Armadillos are from the Dasypodidae family and are near kin to both sloths and anteaters. They have conspicuously tiny eyes and vision is far from their strong suit. They make up for that, however, by having admirable olfactory abilities. The armadillo world consists of 20 species, including the nine-banded armadillo (Dasypus novemcinctus) and the giant armadillo (Priodontes maximus).
The Armadillo Nose
The armadillo nose -- or snout -- is the key to their food finding success. Their noses are hard to miss, as they're somewhat reminiscent of shovels in outline. Since they can't see well, their snouts are the tools they use to track down their favorite foods. Armadillo food searches typically take place either first thing in the morning or at the end of the day.
Digging for Meals
Armadillo noses are so powerful that they often actually allow the mammals to pick up on smells that are tucked away under roughly 6 inches of dirt. When they find something to eat that's deep in the dirt, they don't hesitate to get it out via their lengthy and massive front claws. People sometimes view armadillos as annoyances for this reason. Armadillos occasionally wreak havoc on agricultural crops when they persistently dig around for their next meal.
Insects constitute most of what armadillos eat. Some of their preferred insect fare includes ants, termites and beetles, although they don't limit their sustenance to those. They also routinely munch on the larvae of insects. Outside of insects, armadillos also sometimes dine on slugs, worms, eggs, arthropods, reptiles, amphibians and carrion. They even eat berries, fruit and some plants once in awhile.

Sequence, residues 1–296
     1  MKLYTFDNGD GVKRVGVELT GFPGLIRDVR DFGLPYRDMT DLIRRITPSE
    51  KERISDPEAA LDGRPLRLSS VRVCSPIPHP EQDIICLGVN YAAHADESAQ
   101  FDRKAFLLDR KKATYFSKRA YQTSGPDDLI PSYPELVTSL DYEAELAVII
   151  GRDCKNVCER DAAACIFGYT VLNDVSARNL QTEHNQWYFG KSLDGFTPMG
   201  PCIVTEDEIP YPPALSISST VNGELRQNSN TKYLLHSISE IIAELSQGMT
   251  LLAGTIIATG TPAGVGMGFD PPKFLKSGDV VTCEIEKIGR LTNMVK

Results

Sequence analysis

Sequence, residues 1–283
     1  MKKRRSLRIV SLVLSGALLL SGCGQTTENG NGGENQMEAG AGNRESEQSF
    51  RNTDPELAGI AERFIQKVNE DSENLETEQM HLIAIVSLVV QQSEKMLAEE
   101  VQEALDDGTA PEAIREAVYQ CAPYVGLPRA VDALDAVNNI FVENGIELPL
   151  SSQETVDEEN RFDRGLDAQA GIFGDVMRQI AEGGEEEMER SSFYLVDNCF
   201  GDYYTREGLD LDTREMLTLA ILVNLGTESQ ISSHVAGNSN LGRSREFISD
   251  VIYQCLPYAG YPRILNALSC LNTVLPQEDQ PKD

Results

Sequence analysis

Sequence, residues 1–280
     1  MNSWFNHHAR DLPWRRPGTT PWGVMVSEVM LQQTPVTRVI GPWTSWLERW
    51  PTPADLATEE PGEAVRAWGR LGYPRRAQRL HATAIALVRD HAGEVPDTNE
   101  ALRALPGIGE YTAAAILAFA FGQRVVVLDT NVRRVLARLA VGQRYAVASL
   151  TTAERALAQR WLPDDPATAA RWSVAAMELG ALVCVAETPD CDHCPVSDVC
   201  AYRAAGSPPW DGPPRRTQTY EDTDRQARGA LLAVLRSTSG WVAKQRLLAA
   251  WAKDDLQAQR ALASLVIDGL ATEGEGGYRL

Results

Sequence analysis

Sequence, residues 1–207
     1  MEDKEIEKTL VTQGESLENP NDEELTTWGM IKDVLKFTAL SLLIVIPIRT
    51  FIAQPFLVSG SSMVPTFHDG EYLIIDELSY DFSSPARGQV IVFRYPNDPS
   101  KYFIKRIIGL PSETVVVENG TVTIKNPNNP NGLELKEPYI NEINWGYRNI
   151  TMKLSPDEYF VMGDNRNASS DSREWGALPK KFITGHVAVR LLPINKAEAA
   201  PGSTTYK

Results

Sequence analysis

How Armadillos Hunt
When armadillos are on foraging quests, they require substantial space. It's totally common for armadillos to travel between 5 and 10 acres during the course of a night tracking down suitable food. Their elongated snouts guide them in their hunts. They place their snouts over the ground and continue moving to the front. Doing this creates grooves in the soil that enable them to sniff around for their next prey. When they finally identify something they want, they employ their gooey tongues to secure it. Their talented tongues can seize a maximum of 60 insects in single instances.
- SeaWorld Animal Bytes: Nine-banded Armadillo
- Texas Parks & Wildlife: Armadillos
- Animal Planet: Armadillos
- The Astonishing Armadillo; Dee Stuart
- Colorado Parks and Wildlife: Nine-Banded Armadillo
- The University of Georgia Cooperative Extension: Armadillos
- National Geographic: Armadillo
- The Armadillo; Steve Potts
- University of Missouri Extension: Armadillos an Unwanted Garden Pest
- Natural Science Research Laboratory: Nine-banded Armadillo
Tom Brakefield/Stockbyte/Getty Images